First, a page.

For someone living with Alzheimer's disease, it can become increasingly common to experience difficulties with managing money. For instance, the individual may accidently miss paying bills or even make duplicate bill payments.
To ensure monthly expenses such as utilities, telephone or cell phone and credit card bills are paid on time and appropriately, suggest the person you love (or assist them as needed) sets up automatic bill payments from their bank account. This can help ensure that your family member's financial priorities aren't overlooked.
Pay attention to potential financial scams
According to a 2019 TD Fraud survey, nearly 59 per cent of respondents said they're concerned that older family members may be vulnerable to fraud, and less than half of those polled (45 per cent) said they have had a conversation with older family members about being wary of financial fraud.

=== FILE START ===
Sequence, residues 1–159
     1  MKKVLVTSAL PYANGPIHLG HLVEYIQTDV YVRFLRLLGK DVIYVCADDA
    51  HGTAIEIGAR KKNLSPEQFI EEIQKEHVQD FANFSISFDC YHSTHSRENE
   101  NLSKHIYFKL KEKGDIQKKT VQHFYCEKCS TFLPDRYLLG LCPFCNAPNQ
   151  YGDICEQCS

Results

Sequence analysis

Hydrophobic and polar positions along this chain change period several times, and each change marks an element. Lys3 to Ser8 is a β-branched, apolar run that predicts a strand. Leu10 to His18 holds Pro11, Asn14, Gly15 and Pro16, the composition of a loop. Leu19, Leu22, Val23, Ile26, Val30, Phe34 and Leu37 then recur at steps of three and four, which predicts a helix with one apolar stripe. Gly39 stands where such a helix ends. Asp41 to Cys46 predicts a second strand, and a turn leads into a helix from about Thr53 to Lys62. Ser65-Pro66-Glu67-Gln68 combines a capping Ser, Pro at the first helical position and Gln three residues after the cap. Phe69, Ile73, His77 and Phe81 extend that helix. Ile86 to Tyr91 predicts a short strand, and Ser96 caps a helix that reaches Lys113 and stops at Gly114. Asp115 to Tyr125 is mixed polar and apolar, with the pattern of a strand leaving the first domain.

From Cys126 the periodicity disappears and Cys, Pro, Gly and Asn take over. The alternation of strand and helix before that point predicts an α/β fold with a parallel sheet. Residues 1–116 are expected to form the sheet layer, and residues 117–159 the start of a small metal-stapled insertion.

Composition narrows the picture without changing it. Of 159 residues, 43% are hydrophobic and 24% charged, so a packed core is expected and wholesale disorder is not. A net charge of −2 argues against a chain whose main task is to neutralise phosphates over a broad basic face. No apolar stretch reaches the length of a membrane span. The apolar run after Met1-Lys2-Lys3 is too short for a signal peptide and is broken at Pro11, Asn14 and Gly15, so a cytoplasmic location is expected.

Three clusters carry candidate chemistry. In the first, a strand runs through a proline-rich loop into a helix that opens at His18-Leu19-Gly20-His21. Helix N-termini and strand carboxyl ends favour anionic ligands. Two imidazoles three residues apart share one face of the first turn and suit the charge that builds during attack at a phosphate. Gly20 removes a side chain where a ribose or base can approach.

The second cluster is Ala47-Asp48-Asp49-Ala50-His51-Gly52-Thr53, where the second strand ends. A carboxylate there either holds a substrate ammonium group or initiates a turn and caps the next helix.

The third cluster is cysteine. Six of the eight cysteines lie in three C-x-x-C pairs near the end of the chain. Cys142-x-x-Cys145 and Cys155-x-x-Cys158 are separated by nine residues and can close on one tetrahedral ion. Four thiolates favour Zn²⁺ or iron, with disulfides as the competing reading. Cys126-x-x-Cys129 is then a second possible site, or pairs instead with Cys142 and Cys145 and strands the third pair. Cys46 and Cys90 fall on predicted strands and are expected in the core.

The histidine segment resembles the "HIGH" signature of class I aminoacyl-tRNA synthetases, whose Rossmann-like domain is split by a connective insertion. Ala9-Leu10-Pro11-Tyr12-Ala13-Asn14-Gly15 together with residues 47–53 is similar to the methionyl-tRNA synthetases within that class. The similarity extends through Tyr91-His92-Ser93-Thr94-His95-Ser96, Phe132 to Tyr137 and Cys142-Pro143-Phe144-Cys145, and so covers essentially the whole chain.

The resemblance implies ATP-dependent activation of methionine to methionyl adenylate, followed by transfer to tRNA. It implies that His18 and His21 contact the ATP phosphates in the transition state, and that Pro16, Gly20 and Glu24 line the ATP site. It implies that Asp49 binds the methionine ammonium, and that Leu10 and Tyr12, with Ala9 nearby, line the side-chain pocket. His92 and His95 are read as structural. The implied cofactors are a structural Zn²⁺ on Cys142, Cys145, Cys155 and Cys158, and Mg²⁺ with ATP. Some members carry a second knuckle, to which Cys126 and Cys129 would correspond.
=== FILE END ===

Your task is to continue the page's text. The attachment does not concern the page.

While it's important to talk to your loved ones about how they can protect themselves, their declining health can make it difficult for them to be mindful of scams. Learn how to spot some of the more common types of fraud—including romance scams, lottery scams, and the grandparent scam—so that warning signs or unusual transactions can be flagged and reported.
Ensuring fraud alerts are set up on your loved one's bank account can also help alleviate some of these concerns. Seniors can receive text messages that notify them if their financial institution detects suspicious activity made to personal banking accounts.
Don't do it alone
Taking care of someone living with Alzheimer's can be very challenging and difficult because the disease is a progressive condition that doesn't plateau or get better, says Dr. Kim.
"Regardless of the decisions you have to help make—whether financial or medical—it's important to get support and surround yourself with a network of people who can help relieve some of the burden," she said. "This way, you're not alone in having to make decisions on behalf of the person you care about and love."